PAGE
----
The typewriter is the Woodstock. Readers may be interested in this clip in which Groucho and Zeppo Marx demonstrate the unreliability of dictation to a human secretary.
When we were talking about the question of teaching cursive in schools, we mentioned that the anti-cursive faction insists that there is no place for cursive because our children need to learn keyboarding.
It betrays an interesting prejudice, doesn’t it? The word “keyboarding” is merely an attempt to find a substitute for “typing” that doesn’t sound quite so archaically mechanical. But typing is what they mean, whatever device the keyboard may be attached to.
In other words, what they are telling us is this: in the world of tomorrow, the world our children will have to live in, cursive handwriting will be out of date, because everybody will communicate by typing.
We might reasonably ask whether one of those alter- natives will be any more outdated than the other. It sounds a little like saying that our children need to stop wasting their time learning to ride horses and devote their studies to steam power instead.
The fact is that much of our modern world has already rejected keyboards as hopelessly old-fashioned. The only keyboarding most people do is the kind that involves the thumbs, the other fingers being reduced to a literally supporting role of holding up the phone. We might mention an experience recently with a major bank–currently the eighth-largest in the country. It offers check deposits by Internet and other very convenient services. But you can have them only by phone. The eighth-largest bank in the United States does not consider it worthwhile to offer those same services to computer users, because, really, how many of those can there be?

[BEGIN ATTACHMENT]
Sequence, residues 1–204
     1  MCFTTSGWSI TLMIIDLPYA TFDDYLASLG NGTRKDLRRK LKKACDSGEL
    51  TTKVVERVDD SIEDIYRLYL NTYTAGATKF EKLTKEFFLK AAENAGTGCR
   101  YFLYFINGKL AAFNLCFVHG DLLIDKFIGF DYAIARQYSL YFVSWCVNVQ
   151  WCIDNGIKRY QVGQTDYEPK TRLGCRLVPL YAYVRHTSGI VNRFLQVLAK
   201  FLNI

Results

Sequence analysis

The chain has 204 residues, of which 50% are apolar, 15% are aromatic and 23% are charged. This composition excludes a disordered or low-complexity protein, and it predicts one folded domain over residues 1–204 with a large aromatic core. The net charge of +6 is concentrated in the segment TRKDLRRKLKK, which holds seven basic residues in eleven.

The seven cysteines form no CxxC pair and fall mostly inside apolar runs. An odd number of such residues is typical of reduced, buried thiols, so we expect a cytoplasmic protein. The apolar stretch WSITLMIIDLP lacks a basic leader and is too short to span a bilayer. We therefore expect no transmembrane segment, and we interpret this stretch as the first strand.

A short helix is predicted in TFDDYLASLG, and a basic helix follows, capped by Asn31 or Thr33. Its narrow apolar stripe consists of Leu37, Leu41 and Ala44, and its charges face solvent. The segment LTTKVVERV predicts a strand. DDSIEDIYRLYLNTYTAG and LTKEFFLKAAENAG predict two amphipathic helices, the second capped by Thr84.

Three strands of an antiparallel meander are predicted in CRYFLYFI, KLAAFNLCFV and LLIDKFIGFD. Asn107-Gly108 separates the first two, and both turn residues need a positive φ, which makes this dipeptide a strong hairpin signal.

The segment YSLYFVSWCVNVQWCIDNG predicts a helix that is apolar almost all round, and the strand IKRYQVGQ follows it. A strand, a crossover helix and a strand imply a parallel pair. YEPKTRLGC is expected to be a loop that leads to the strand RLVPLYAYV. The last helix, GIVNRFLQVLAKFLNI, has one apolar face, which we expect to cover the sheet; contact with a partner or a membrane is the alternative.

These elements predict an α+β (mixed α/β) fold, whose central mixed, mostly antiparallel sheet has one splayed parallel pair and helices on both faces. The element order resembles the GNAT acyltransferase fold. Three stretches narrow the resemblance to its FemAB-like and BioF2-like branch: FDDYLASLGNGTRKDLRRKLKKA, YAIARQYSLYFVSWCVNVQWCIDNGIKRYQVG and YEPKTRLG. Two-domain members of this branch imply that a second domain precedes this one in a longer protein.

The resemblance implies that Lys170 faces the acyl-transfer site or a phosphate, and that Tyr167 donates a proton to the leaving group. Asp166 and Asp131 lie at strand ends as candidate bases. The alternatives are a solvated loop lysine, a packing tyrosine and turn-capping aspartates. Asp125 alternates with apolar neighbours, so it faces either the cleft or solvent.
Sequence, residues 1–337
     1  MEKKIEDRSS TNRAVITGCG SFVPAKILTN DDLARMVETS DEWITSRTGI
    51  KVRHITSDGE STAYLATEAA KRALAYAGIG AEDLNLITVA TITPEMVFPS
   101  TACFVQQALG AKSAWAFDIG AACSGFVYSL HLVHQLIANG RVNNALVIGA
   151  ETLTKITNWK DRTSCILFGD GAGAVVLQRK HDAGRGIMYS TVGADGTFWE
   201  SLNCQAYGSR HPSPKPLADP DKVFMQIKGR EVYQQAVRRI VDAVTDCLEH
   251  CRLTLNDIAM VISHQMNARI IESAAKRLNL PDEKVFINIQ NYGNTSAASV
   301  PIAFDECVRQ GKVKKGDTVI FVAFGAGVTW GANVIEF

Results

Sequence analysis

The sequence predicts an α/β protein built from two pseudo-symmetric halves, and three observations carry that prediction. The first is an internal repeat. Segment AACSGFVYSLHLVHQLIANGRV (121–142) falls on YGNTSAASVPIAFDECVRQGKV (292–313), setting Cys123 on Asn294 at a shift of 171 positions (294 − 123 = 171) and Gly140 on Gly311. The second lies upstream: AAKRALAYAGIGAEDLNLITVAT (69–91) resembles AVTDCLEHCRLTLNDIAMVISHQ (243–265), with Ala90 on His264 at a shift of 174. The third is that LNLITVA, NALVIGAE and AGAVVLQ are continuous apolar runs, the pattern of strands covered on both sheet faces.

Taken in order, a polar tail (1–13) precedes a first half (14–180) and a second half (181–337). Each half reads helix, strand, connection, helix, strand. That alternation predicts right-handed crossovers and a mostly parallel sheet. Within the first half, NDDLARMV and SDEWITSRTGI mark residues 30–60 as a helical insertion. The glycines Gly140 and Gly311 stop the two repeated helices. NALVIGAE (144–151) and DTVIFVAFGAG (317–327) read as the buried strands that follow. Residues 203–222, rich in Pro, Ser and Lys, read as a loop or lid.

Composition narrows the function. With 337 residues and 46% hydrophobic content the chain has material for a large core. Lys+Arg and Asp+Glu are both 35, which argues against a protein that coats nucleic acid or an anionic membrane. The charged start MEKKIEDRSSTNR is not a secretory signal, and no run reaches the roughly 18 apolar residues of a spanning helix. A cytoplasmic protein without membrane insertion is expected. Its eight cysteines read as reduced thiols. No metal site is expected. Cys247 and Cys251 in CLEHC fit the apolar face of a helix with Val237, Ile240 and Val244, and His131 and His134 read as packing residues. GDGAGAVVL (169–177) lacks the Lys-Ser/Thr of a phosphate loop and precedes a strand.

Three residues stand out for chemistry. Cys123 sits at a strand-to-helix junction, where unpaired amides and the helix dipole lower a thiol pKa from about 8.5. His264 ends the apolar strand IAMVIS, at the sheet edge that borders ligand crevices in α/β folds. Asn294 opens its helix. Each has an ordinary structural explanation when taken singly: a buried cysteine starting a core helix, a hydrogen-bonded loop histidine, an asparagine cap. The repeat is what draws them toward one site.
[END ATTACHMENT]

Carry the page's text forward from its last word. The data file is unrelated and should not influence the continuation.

If we use utility in the modern world as the only criterion for choosing the skills our children should be taught, then they should be learning how to use their thumbs effectively and how to manipulate a game controller.
Even those skills may be quaintly old-fashioned by the time today’s elementary-school children are adults. It is easier now than it was five years ago to produce acceptable text by dictation, and our computer secretaries keep getting better. They may already be better at listening to us than other human beings are, but other human beings are often too embarrassed to tell us even when they know they have not heard us properly, and unless they are actually employed as secretaries taking dictation they seldom leave a trail of evidence showing how thoroughly they have muddled what we were trying to tell them.
Furthermore, why will the adults of tomorrow write at all? Artificial-intelligence assistants will step in to write what they would have said if they had been as articulate as an artificial-intelligence assistant.
So it looks as though keyboarding, as a skill, may be as archaic as cursive handwriting. Or as playing a musical instrument, which after all is not necessary in our age of digital recordings and increasingly lifelike synthesizers (and increasingly robot-like human voices fed through pitch-correction software). But there are some skills that are good to have because they make us more human, not because they make us more useful servants to corporate masters. Perhaps, after all, it ought to be the mission of schools to teach those, and let the corporate masters spend their own money on training capable drudges.